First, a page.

Daily Digest 4/15 - Persecution Likely In MF Global Case, Why The Eurozone Is Getting Worse, 5 Killed In Violent Plains Storms
- The “Likelihood of a Criminal Prosecution” in MF Global Case Has Grown
- Increasingly in Europe, Suicides ‘by Economic Crisis’
- Why the Eurozone Crisis Is Getting Worse
- Inter-Regional Trade Movements of Petroleum to and from Europe: Part 6
- EIA: We Just Revised Two Decades Of Global Oil Data
- 5 Killed as Violent Storms Cut Across Central Plains
Granting immunity from prosecution is rare in criminal cases primarily because prosecutors are wary of giving possible targets free reign to discuss their alleged crimes without fear of facing charges. In fact until recently, federal prosecutors have brushed off offers of a so-called “proffer” agreement by O’Brien’s attorneys in which she would gain immunity in exchange for her cooperation in the ongoing criminal probe, these people say.
The economic downturn that has shaken Europe for the last three years has also swept away the foundations of once-sturdy lives, leading to an alarming spike in suicide rates. Especially in the most fragile nations like Greece, Ireland and Italy, small-business owners and entrepreneurs are increasingly taking their own lives in a phenomenon some European newspapers have started calling “suicide by economic crisis.”
Why the Eurozone Crisis Is Getting Worse (jdargis)
Moreover, while über-competitive Germany can withstand a euro at—or even stronger than—$1.30, for the eurozone’s periphery, where unit labor costs rose 30 percent to 40 percent during the last decade, the value of the exchange rate would have to fall to parity with the U.S. dollar to restore competitiveness and external balance. After all, with painful deleveraging—spending less and saving more to reduce debts—depressing domestic private and public demand, the only hope of restoring growth is an improvement in the trade balance, which requires a much weaker euro.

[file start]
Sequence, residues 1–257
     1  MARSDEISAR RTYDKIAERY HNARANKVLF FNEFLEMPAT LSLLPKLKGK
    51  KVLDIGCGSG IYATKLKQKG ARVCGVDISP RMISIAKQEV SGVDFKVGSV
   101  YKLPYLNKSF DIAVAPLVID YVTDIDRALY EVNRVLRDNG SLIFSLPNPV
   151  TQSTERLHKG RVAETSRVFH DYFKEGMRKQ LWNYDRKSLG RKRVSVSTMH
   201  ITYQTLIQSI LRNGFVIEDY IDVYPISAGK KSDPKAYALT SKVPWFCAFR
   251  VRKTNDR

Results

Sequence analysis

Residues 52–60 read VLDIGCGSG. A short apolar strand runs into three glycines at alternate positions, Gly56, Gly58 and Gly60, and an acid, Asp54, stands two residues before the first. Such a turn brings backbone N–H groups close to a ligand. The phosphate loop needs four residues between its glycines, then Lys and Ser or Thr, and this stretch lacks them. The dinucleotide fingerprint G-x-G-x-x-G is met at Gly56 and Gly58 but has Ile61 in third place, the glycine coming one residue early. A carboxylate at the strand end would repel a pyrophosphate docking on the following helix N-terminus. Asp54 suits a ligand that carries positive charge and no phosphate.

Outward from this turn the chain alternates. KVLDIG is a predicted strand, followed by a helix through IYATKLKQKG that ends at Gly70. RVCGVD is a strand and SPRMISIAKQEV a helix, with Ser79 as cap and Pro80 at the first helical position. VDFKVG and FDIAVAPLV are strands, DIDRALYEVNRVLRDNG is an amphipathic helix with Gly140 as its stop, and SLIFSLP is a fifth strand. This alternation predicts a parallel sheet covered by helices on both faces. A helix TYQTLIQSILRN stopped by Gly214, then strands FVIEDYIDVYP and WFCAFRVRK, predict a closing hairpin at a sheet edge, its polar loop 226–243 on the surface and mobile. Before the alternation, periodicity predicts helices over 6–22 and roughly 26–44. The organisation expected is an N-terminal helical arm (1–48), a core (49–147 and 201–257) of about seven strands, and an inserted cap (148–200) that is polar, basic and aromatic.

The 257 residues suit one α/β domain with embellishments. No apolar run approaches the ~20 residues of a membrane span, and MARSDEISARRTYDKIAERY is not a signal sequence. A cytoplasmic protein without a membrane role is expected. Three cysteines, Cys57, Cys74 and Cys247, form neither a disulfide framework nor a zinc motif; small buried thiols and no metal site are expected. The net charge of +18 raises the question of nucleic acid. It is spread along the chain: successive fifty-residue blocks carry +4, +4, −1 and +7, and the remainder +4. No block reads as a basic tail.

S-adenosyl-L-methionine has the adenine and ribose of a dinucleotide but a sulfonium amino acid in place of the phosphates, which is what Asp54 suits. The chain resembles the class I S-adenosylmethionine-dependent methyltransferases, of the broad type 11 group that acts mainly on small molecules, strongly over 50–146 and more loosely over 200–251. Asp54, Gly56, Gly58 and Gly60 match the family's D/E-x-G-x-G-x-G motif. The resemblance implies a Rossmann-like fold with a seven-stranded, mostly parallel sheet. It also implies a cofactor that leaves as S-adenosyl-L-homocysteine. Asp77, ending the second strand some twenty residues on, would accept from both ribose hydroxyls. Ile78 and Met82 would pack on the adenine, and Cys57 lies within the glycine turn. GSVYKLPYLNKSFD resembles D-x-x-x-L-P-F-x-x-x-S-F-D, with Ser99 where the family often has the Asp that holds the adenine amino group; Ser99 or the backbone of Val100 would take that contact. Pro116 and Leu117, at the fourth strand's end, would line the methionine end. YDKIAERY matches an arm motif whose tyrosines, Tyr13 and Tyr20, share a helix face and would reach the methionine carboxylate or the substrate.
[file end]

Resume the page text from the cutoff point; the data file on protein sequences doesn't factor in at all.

Europe’s petroleum production has been in a strong decline since 2002, and presently, only equals about 30% of Europe’s petroleum consumption. Despite fairly steep declines in production, Europe’s consumption of petroleum has changed little in the last decade. Consequently, Europe has to import 70% of the petroleum that it consumes, which is relatively more than what North America imports. With continuing declines in petroleum production, Europe will have to import ever increasing amounts of petroleum. The startling trend (shown in Figures 9 and 11) is that Europe has looked increasingly to the former Soviet Union countries as its primary source of imports. Indeed, in 2010, roughly 50% of Europe’s inter-regional imports came from the former Soviet Union countries, up from 30% in 2000. If the last decade’s trend continues, then we might expect 77% of Europe’s petroleum to come from former Soviet Union countries alone by 2021.
Since 2005, despite a phase transition in prices, global oil production has been trapped below a ceiling of 74 mbpd (million barrels per day). New production from new fields and new discoveries comes on line, but, it has not been at a rate fast enough to overcome declines from existing fields. Overall, global decline has been estimated at a minimum of 4% per year and as high as 6+% a year.
The tornado on Sunday morning swept through the western section of the city. In a video from The Woodward News that was posted on the Web site of The Oklahoman newspaper, a massive tornado can be seen whipping up debris in the brief moments when flashes of lightning brighten the dark sky. Ms. Cain said officials did not yet have any details about the five fatalities, but The Woodward News reported that two of those killed were children.In Iowa on Saturday night, a tornado battered the small Iowa town of Thurman damaging or destroying 75 to 90 percent of its homes, the authorities said. The town, with a population of roughly 250 is south of Omaha, was on lockdown as officials prepared to assess the damage.
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